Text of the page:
Comprehensive glycoproteomics analysis by the PNP strategy

Then we performed the comprehensive glycoproteome analysis of mouse liver tissues using the improved HC method with the PNP strategy. For comparison, conventional HC approach was also applied to analyze the same sample. Briefly each aliquot of 500 μg protein digest of mouse liver tissues was oxidized in 400 μL oxidation buffer containing 1 mM NaIO4 for PNP strategy and 2 mM for conventional HC strategy. Two replicate runs of SCX-RPLC MS/MS were then applied to analyze the enriched de-glycopeptides. The number of identified de-glycopeptides and glycosites were summarized in Fig. 9a. Compared with the conventional HC approach, the PNP strategy identified about 30% more de-glycopeptides. And the ratio of the identified N-terminal Ser/Thr de-glycopeptides reached to 13.9% which is close to its proteome level, while this ratio was only 1.0% when the conventional HC method was applied (Fig. 9a). By combining two replicate results, totally 1837 unique glycosites corresponding to 864 unique glycoproteins were identified by PNP strategy, and only 1371 unique glycosylation sites corresponding to 711 unique glycoproteins were identified by the conventional HC approach. And 34.0% more glycosites were identified in the PNP strategy clearly demonstrated that the new method surpasses the conventional method for comprehensive glycoproteomics analysis (Fig. 9b, Fig. S7).

Figure 9: Comparison of the glycoproteome datasets obtained by the PNP strategy and the conventional HC approach.
Figure 9

(a) Summary of the identification results. (b) Overlap of glycosites. (c) Overlap of glycoproteins.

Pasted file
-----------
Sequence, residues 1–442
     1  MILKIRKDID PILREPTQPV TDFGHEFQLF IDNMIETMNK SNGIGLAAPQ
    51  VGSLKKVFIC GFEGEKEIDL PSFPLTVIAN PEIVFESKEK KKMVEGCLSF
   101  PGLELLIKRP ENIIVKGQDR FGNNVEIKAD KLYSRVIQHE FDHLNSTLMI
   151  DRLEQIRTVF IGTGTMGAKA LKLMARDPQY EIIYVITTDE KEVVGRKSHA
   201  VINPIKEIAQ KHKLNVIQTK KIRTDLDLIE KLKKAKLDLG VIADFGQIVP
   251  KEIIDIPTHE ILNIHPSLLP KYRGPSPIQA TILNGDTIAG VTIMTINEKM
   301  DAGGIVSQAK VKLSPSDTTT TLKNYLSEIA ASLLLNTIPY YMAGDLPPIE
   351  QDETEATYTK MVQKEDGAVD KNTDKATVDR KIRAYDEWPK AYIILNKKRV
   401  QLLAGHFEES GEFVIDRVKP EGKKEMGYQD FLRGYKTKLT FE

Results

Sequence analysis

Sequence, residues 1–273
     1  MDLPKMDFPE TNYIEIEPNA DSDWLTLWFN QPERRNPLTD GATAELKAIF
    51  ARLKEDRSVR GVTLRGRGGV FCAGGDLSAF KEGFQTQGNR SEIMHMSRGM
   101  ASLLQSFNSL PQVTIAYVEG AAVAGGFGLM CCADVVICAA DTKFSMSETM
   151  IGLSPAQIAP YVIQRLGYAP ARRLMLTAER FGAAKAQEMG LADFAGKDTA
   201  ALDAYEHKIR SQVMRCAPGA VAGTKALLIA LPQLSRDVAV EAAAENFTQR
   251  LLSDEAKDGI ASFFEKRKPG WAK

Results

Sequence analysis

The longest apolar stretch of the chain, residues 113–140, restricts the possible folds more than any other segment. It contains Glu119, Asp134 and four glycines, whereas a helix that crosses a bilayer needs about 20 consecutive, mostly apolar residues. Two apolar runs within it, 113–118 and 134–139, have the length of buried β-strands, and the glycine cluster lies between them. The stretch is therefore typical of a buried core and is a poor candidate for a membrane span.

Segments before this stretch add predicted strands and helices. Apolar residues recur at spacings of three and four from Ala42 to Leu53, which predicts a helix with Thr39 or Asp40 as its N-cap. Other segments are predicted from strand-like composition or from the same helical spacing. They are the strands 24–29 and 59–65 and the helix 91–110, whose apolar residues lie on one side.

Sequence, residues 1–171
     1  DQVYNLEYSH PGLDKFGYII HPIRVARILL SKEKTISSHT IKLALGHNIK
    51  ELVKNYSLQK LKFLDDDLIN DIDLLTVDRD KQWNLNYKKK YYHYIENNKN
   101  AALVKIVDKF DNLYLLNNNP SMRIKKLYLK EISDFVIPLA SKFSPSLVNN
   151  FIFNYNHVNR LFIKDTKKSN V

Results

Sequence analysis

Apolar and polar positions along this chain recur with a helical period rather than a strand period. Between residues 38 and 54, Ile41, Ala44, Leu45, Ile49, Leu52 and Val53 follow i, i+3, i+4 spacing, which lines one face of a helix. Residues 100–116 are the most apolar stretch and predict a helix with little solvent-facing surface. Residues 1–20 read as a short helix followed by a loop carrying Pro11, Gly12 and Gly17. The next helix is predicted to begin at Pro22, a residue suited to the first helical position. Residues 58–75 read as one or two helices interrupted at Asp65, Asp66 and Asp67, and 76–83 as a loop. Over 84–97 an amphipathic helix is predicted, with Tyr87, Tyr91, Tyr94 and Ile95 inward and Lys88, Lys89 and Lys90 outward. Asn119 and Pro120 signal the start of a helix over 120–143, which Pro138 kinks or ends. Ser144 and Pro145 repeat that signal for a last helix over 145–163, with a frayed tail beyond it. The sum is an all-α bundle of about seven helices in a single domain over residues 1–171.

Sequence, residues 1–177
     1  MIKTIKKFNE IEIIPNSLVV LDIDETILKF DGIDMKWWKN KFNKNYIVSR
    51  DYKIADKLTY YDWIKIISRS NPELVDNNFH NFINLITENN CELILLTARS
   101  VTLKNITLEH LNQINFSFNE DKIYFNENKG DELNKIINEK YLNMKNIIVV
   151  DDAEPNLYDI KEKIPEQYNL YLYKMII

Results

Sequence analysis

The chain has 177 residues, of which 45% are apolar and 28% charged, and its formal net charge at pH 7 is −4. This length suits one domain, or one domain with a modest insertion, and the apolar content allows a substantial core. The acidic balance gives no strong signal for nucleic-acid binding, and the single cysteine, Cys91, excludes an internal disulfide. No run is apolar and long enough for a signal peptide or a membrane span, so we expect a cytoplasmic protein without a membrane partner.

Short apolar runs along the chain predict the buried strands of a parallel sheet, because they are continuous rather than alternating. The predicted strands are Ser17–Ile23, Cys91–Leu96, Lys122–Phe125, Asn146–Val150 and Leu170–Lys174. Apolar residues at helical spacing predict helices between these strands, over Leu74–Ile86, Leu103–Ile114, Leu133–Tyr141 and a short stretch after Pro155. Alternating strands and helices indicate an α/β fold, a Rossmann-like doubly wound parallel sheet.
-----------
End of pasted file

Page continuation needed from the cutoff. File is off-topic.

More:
Interestingly, the PNP strategy was found to be complementary in glycoproteomics analysis with the conventional HC approach. The overlaps of the two technical replicates in each method were about 60 ~ 70%, while the overlap between these two methods was only about 50% (Fig. 9b, Fig. S7). In addition to recovering the N-terminal Ser/Thr deglycosylated peptides, the change of fragmentation behavior due to the labeling may also contribute to the high complementary39. Thus the glycoproteome coverage could be improved by combining these two methods. Finally, 2108 unique glycosites corresponding to 976 unique glycoproteins were identified by combining the datasets of these two methods (Fig. 9b,c). Distribution of the number of glycosites on glycoproteins was investigated and it was found that approximately 50% glycoproteins carried a single N-linked sugar chain and 8.6% contained 5 or more N-glycosylation sites (Fig. S9). The average glycosites for each glycoprotein increase from 1.9 with conventional HC method to 2.1 with PNP strategy, which indicated that the identification of glycosites on peptides with N-terminal Ser/Thr could significantly improve the glycoproteome coverage. The HC methods were found to be highly complementary to HILIC method as mentioned in the above section (Fig. S6). Besides, HC methods and lectin methods were also highly complementary. As shown in Fig. S8, the overlap of large scale mouse liver glycoproteome obtained in this work with the dataset acquired from lectin affinity method was low, indicating high complementary of the identifications43. This is consistent with the results reported in previous literature30. Therefore, to achieve a more comprehensive glycoproteome analysis, combined using of all above methods is required.